Beeke, Joel R.
Although the Old Testament can appear irrelevant, outdated, and difficult to read, there are precious nuggets of truth in it which are vital for Christians to understand. That is why Michael Barrett provides this practical approach to reading the books of law, history, prophecy, and poetry through the lens of Jesus. As Barrett explains, “Seeing Christ and the gospel in the Old Testament gives life to what otherwise seems to be dry and outdated.” Grow in personal holiness today as you learn to read and apply the Old Testament properly.
Presuppositions About the Bible
Misunderstandings of the Old Testament
Procedures for Bible Reading
Purpose of the Bible
Practical Reading of the Old Testament
D. Martyn Lloyd-Jones once said that what the church needs to do most all is “to begin herself to live the Christian life. If she did that, men and women would be crowding into our buildings. They would say, ‘What is the secret of this?’” As Christians, one of our greatest needs is for the Spirit of God to cultivate biblical godliness in us in order to put the beauty of Christ on display through us, all to the glory of the triune God. With this goal in mind, this series of booklets treats matters vital to Christian experience at a basic level. Each booklet addresses a specific question in order to inform the mind, warm the affections, and transform the whole person by the Spirit’s grace, so that the church may adorn the doctrine of God our Savior in all things.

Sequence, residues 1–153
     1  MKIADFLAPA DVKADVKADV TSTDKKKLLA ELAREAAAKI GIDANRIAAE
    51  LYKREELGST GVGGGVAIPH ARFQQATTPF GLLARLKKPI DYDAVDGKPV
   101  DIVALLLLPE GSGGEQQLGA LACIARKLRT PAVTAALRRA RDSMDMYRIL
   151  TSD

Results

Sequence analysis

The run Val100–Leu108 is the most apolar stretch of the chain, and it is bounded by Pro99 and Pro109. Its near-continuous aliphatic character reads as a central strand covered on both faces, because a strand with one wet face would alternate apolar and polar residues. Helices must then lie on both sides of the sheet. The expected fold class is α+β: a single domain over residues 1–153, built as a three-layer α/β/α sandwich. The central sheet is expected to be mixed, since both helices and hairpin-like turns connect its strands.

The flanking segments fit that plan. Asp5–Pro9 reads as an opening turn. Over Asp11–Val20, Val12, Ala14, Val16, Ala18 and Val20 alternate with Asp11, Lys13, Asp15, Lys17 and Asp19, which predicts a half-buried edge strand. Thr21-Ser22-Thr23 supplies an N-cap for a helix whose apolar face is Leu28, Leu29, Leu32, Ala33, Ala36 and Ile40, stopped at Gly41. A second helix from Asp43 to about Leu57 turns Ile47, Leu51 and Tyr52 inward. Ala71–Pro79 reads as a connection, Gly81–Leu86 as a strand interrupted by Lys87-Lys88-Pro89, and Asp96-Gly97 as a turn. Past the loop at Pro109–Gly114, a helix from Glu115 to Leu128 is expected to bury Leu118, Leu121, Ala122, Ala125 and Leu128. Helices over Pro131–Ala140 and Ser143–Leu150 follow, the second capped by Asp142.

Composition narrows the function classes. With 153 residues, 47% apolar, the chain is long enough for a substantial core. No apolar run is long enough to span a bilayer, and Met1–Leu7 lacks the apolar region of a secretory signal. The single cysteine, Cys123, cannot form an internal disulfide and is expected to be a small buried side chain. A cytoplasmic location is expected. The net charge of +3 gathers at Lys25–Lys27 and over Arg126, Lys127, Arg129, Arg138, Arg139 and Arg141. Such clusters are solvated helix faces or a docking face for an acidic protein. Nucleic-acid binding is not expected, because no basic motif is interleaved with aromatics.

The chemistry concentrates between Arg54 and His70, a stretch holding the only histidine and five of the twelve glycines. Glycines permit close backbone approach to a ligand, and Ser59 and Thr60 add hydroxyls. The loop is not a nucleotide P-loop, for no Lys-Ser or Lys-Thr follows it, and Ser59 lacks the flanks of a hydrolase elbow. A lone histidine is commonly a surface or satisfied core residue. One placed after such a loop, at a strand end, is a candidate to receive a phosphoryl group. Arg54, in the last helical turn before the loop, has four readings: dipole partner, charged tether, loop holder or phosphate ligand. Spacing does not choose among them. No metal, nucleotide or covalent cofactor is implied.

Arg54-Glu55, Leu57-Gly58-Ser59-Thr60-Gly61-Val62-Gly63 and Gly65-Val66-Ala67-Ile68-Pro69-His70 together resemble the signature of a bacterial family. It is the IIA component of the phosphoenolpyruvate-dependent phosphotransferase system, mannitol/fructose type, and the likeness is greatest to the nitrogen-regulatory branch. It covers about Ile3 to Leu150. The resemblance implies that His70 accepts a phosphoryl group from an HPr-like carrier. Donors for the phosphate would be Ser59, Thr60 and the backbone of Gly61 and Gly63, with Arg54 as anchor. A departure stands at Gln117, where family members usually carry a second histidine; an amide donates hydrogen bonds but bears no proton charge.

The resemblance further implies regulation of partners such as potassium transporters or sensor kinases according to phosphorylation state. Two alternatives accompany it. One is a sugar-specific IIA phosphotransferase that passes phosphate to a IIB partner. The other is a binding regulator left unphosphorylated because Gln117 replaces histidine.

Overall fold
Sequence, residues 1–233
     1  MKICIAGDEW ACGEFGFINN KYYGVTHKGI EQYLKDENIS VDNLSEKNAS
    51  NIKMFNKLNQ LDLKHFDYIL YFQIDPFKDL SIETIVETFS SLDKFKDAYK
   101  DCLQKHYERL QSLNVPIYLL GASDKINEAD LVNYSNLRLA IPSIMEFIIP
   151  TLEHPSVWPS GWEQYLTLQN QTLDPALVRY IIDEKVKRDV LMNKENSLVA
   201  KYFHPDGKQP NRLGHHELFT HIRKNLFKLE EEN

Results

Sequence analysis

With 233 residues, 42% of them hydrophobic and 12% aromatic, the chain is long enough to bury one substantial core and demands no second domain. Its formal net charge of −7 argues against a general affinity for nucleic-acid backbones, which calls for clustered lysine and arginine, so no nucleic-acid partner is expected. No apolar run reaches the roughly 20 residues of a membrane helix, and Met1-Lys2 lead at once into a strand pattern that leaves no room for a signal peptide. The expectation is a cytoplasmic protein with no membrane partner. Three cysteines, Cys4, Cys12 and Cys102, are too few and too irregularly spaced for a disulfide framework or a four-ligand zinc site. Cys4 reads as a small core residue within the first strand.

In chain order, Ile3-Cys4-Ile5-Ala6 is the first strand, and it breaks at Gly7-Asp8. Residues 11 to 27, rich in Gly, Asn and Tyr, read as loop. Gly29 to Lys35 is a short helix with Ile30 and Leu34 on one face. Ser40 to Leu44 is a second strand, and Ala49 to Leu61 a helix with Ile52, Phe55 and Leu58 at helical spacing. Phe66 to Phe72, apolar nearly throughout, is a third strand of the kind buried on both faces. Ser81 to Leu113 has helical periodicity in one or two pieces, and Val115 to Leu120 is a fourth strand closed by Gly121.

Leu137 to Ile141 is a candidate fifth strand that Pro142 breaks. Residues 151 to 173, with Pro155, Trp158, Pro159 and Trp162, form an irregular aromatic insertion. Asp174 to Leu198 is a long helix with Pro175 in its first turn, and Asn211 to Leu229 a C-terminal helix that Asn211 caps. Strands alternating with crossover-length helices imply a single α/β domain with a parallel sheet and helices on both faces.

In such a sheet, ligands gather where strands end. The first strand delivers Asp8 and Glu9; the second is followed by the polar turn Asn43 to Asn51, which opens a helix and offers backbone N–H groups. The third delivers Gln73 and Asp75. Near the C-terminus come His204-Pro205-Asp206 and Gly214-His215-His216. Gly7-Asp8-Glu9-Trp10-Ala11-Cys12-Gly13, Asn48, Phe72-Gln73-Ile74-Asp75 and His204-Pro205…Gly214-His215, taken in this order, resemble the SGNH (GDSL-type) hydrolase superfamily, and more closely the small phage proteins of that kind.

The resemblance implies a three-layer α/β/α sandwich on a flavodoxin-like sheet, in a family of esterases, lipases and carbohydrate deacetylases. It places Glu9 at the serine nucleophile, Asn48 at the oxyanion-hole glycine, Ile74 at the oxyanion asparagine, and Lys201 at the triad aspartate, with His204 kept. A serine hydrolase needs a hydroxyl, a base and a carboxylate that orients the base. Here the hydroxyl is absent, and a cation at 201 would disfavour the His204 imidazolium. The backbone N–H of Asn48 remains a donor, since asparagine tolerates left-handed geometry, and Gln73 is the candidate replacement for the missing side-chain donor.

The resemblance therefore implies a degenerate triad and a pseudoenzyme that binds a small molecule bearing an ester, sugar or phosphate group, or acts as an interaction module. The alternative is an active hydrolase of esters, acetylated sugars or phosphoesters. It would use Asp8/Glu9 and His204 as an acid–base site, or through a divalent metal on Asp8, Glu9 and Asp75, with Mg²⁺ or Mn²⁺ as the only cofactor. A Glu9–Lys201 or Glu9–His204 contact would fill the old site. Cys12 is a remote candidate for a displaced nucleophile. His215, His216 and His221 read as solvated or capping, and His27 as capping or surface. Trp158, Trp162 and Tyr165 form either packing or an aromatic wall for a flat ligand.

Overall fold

Michael P.V. Barrett is vice president for academic affairs/academic dean and professor of Old Testament at Puritan Reformed Theological Seminary in Grand Rapids, Michigan.
“Which believer doesn’t want to be holy? Which believer doesn’t want to understand the Old Testament better? Well, here’s a short booklet that will do both for you. While Dr. Barrett concedes that parts of the Old Testament are frustrating and difficult to understand, he also outlines simple, practical steps that will not only give you greater understanding of the Bible but also produce greater likeness to Christ.” – David Murray, professor of Old Testament and practical theology, Puritan Reformed Theological Seminary